Convergence Insufficiency is a common eye muscle coordination problem. When a person is reading or doing close work, the eyes cross slightly to maintain single vision. This usually happens easily and without much effort. In convergence insufficiency, the eyes have difficulty turning in for near work, and want to turn out instead. The eyes are working very hard to maintain single vision at near, and this additional effort can cause a host of symptoms:
- Blurred Vision
- Double vision
- Difficulty concentrating/poor attention
- Loss of place while reading
- Skipping words or skipping lines while reading
- Slow speed of reading
- Reduced reading comprehension
Convergence insufficiency is found in 5% of the population, and it typically appears in childhood, often by 1st grade. It can only be detected through an eye examination and is usually missed on vision screenings. Children with convergence insufficiency are often misdiagnosed as having ADHD or learning disabilities. This is why a thorough eye examination by a developmental optometrist is an important first step when learning problems are present!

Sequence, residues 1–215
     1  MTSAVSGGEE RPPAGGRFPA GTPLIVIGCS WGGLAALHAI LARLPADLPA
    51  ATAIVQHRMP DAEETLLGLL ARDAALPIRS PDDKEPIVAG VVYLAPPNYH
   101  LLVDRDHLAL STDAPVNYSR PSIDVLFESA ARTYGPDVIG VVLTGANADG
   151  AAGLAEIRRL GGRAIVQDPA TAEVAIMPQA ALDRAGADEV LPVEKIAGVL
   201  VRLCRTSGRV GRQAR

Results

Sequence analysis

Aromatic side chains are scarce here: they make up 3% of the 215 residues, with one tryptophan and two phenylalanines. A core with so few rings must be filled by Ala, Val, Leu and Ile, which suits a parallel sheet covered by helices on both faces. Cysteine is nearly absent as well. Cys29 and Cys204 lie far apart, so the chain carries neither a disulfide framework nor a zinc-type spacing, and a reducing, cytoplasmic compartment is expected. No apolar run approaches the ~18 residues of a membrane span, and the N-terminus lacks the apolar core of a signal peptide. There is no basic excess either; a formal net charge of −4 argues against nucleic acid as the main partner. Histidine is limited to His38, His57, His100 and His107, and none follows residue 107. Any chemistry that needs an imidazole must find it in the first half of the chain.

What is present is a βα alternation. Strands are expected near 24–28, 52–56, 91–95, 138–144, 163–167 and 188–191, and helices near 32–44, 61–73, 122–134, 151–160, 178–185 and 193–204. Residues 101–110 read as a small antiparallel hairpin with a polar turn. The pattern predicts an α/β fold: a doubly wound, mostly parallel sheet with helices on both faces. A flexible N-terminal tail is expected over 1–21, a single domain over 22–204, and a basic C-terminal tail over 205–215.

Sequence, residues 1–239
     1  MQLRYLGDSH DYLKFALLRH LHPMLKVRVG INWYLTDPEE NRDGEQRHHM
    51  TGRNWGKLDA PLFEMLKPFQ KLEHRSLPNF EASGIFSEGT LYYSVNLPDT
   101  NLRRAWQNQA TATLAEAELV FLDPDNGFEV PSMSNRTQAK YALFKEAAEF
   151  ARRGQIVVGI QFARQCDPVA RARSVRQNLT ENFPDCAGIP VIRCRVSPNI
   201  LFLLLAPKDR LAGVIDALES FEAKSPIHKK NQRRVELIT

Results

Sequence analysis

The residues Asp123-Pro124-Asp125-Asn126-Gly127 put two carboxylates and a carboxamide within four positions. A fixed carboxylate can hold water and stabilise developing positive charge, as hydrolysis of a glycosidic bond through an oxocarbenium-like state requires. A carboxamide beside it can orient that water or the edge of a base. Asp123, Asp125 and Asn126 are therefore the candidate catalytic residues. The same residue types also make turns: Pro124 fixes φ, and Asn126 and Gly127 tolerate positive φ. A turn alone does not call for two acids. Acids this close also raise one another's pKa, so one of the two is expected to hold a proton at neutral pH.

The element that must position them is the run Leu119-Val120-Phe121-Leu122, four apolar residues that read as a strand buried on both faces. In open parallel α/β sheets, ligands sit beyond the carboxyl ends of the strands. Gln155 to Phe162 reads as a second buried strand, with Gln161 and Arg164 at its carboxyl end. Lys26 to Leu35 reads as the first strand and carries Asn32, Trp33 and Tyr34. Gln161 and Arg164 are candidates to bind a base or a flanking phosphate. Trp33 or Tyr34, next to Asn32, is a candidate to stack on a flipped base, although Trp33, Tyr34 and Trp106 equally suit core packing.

Treatment for Convergence Insufficiency
Vision Therapy is the most effective treatment for convergence insufficiency. Vision therapy is conducted once a week in the office and home activities are prescribed for daily practice. These activities strengthen the eye muscles, as well as strengthen the brain’s ability to control the eye muscles! Convergence Insufficiency is often found with other vision problems such as eye tracking problem, eye focusing problems, and often visual processing deficits. (each link to own page)
Convergence Insufficiency Treatment Trial (CITT) study
In 2008 a randomized clinical trial found that office-based vision therapy was significantly more effective than either home-based pencil push-ups or home-based computer vision therapy for treating convergence insufficiency. Read more about the CITT study.
Here you can find information about convergence insufficiency and how it is treated.